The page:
[Diane DiResta is the author of the public-speaking best-seller, Knockout Presentations: How to Deliver Your Message With Power, Punch, and Pizzazz, and the president of DiResta Communications Inc., a New York speech coaching and training firm.]

Thursday, September 11, 2008

Tips to Beat Job Burnout

Hi! 
Here's an interesting article I found and want to share this with you.
Al


Tips to Beat Job Burnout
by Shelly Field, Monster.com

One of the best ways to defeat burnout is to make your job more enjoyable. "That's impossible," you say. Not necessarily. Sometimes you just have to change how you think.

No matter how boring or depressing your job may be at times, you have to find chances to laugh. Laughter breaks the tension of difficult situations. It helps cut the stress you feel and the tension you may be under. The more you laugh, the better you will deal with work, and the less burned out you'll be. Many people aren't aware that stress-related hormones are suppressed by laughter -- so you know what you have to do.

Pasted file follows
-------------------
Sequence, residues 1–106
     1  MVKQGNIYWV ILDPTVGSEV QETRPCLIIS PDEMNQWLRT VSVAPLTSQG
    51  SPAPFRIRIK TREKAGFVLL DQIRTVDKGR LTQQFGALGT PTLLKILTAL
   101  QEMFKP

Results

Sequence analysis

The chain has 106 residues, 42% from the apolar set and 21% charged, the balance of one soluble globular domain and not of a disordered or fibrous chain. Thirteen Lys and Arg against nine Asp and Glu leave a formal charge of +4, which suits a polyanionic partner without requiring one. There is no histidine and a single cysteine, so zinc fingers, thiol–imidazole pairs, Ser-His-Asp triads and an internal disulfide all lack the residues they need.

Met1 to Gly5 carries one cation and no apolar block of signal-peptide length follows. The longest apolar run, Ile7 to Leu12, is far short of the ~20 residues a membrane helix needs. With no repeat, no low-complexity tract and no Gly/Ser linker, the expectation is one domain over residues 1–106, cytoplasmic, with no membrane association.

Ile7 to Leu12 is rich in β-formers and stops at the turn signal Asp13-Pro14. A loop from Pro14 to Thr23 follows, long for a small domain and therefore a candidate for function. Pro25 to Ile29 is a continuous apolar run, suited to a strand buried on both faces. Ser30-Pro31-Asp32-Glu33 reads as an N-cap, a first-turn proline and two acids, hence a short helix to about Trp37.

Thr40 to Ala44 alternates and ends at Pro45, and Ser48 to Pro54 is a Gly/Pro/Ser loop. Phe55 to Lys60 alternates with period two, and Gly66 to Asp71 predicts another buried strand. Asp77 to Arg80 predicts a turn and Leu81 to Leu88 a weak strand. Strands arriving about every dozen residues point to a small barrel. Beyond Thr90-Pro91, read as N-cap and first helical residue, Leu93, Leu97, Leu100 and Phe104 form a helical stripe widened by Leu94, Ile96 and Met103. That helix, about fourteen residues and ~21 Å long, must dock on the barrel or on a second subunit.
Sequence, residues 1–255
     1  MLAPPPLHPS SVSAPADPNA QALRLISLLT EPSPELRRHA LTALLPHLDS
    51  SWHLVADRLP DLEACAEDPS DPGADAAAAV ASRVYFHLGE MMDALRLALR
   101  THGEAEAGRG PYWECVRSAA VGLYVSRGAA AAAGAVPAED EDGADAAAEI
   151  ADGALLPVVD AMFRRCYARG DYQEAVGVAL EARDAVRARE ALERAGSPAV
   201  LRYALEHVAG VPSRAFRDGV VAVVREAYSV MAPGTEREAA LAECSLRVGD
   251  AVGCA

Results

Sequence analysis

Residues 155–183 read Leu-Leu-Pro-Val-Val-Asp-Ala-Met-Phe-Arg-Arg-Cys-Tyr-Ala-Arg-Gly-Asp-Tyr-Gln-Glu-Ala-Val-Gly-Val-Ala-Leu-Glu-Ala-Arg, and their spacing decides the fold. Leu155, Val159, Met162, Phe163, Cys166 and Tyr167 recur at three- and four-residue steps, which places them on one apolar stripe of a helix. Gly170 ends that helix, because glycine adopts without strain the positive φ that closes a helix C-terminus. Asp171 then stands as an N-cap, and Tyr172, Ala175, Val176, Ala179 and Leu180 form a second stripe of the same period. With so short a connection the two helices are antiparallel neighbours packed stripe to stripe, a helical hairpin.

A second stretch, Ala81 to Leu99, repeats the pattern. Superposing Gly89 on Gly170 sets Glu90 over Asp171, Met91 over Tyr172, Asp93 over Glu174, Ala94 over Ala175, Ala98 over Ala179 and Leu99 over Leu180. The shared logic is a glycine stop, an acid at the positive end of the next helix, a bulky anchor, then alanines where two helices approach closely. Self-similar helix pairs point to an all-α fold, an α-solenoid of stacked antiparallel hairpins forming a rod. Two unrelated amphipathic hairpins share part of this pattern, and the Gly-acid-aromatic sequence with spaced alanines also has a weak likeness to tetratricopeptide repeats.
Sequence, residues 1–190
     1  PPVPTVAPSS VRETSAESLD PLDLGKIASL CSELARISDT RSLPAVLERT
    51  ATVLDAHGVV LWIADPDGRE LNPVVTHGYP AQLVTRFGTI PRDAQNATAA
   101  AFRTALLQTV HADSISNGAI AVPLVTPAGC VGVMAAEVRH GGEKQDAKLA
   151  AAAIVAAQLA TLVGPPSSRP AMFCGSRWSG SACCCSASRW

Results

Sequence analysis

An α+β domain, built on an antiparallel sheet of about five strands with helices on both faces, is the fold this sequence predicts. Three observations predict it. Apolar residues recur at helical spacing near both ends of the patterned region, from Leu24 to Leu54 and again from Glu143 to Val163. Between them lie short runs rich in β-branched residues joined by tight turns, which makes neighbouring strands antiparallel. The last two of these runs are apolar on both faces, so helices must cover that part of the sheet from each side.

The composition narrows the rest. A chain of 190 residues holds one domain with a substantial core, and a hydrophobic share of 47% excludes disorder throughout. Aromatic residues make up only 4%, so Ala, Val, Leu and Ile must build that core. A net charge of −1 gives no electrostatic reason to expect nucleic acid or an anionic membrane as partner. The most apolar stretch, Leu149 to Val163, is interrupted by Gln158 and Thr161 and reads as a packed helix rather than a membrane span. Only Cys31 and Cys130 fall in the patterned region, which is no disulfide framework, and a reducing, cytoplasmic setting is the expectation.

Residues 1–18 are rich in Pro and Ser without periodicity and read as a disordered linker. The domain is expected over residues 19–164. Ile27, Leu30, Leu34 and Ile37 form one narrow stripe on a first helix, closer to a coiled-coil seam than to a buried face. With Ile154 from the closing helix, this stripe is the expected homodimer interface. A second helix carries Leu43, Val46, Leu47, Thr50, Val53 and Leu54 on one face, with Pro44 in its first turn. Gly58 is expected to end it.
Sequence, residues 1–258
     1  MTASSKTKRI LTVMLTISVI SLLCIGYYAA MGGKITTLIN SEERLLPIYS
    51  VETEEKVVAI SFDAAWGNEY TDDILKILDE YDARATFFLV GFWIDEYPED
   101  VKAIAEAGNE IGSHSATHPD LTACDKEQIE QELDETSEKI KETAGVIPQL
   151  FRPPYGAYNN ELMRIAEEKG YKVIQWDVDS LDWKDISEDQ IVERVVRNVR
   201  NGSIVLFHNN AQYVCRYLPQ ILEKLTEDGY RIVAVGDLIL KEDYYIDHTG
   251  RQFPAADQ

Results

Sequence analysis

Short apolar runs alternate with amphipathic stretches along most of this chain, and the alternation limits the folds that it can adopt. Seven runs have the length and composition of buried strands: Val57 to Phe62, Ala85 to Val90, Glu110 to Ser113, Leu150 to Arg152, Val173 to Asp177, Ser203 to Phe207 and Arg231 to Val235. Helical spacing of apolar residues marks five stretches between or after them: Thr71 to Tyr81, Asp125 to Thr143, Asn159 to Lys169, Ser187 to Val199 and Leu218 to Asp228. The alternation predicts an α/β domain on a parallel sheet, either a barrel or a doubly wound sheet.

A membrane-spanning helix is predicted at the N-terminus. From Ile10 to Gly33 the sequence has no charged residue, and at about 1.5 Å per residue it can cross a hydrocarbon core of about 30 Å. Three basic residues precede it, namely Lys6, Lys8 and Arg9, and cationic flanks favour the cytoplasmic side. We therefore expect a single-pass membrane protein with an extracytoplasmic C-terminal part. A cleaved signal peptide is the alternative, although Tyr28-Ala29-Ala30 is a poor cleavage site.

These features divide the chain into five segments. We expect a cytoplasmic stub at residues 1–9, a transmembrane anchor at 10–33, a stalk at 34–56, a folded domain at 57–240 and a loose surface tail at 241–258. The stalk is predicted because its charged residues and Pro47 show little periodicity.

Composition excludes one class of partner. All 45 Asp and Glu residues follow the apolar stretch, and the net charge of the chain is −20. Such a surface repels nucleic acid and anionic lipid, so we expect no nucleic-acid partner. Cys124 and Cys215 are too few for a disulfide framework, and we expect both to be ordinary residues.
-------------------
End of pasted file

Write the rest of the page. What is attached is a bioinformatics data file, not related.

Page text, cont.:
Try to become more social. Talk to people. Find activities to do with coworkers, friends and family members. Feeling connected to others is a great way to reduce stress and burnout.

Many people in my seminars tell me that by the time they get done working for the day, they are often so exhausted that they just want to go home and be left alone. I understand and often feel the same way.

However, a number of studies indicate that adults who have the fewest friendships and are least active socially are most likely to die prematurely. If that's not enough to make you want to get out and have fun, I don't know what is.

Listen to conversations in your workplace. You might notice that a good percentage of discussions are negative. Work on training yourself to see the positive in situations -- see the humor and knock out negative thoughts and conversation. Negativity just makes you feel worse.

Adding fun to your day will help decrease burnout. Here are several simple ideas you can incorporate into your workplace:

  • If you have a break room, consider filling it with toys and games. Coloring books will bring you back to your childhood. A puzzle will take your mind off things. Games are fun too.